By Chris Little and Tony Allman
How can construction projects so frequently exceed the estimated cost? The contract states a guaranteed maximum price, so shouldn’t it stay on budget?
While many issues are outside the owner’s control, the use of construction contract auditing can help mitigate the risks by implementing a prevention and detection program.
Owners typically realize from 0.50 percent to 3 percent cost recovery by enforcing well-designed construction contracts. Organizations with well-developed audit programs typically see little to no cost recoveries, but tend to prevent events that lead to scope creep and construction cost price inflation. Their service providers know exactly what is expected from them and when all parties understand what is expected of their performance, fewer misunderstandings occur.
Good project controls demand a good contract that spells out possible charges, billing methods, use of money and change orders. There are many factors, so here is a list to consider:
- Document how the contractor or architect will be compensated (fixed fee or percentage of construction costs?), then determine which scenarios will cause the fee to increase or decrease.
- Establish the owner’s right to audit the prime contractor’s and subcontractor’s project accounting records, expense reports and overhead allocation methods.
- Define use of contingency, change order approval, estimating and pricing procedures. Time and material change orders give maximum control for your budget.
- Decompose and benchmark all rate schedules. Understand whether rates represent true contractor’s cost or cost plus embedded markup.
- Engage a financial controls adviser to work in collaboration with legal counsel. Contract pricing, billing documentation, rate analysis and benchmarking might not be within legal counsel’s experience, and an ability to use a construction financial professional might enable the negotiating team to maximize owner benefits and protections.
Contacting an experienced construction attorney to assist with establishing owner’s rights and protections also is advised.
One of the most effective financial controls tools available to an owner is the construction contract audit. A well-designed audit program goes beyond the compliance testing of controls and analyzes the costs to reveal whether there have been overcharging. It also determines the value of the overcharge and provides evidentiary documentation leading to owner credits.
Doing the math
The first is an elementary arithmetic verification of the application for payment or contractor’s invoice. More than 70 percent of the applications for payment submitted to owners have arithmetic errors. Errors typically come from incorrectly rolling forward previous month’s costs, supporting document transposition errors, failure to withhold “retainage,” and basic totaling and cross footing of the document.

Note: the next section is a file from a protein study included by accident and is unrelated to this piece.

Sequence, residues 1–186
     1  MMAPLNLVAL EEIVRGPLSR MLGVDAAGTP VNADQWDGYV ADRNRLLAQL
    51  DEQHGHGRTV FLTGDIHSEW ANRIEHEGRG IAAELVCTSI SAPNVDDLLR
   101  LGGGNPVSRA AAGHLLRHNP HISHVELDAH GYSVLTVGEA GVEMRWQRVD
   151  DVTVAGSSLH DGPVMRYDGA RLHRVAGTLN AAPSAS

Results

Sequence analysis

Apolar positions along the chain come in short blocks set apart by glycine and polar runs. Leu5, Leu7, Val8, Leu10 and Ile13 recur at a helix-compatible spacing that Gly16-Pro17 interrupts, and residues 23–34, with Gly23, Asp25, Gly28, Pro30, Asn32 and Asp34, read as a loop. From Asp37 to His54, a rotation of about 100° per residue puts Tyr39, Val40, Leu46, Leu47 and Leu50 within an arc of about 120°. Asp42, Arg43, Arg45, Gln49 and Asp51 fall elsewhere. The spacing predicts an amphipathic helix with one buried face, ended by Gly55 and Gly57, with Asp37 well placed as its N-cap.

Second, an area that often yields findings is in the pricing of change orders. Before accepting change orders an owner should verify that the labor rate complies with contracted rates, quantities are appropriate, and the markup agrees with contract terms. It is common to find change orders with an embedded profit margin of more than 10 percent in addition to the agreed upon markup.
Third is a thorough analysis of reimbursable costs. Costs that the contractor has been compensated for within their overhead reimbursement, such as labor burden or general conditions, are sometimes passed through to the owner. These double billings might result in credits back to the owner.
Fourth, labor and equipment burdens should be decomposed to expose any embedded profit margin. Burdens are the additional costs paid by the contractor above the raw wage or equipment cost. Examples of acceptable labor burdens are Federal Unemployment Tax Act, State Unemployment Tax Act, union benefits, and workers’ compensation. However, watch out for how these burdens are applied. Not all benefits are applied equally across the hourly wage.
There are dozens more opportunities to prevent overcharges and capture the maximum credits, such as supplier credits from excess construction materials, idle equipment rental charges, and small or consumable tools charge.
The best time to create a construction contract audit program is at the beginning of the project, which enables the owner to maintain the greatest amount of control. The project accounting and audit team has time to request missing source documents and interview key personnel while minimizing memory loss and opportunity to discover source documents. Of course, a program can be implemented any time, including as part of the project closeout process.
Ultimately, an audit program minimizes the financial risk of a construction project and can improve the overall delivery of the project management team.
Chris Little is an audit manager in the Minneapolis office of Baker Tilly Virchow Krause and Tony Allman is a director in the Madison, Wis., office of the accounting firm.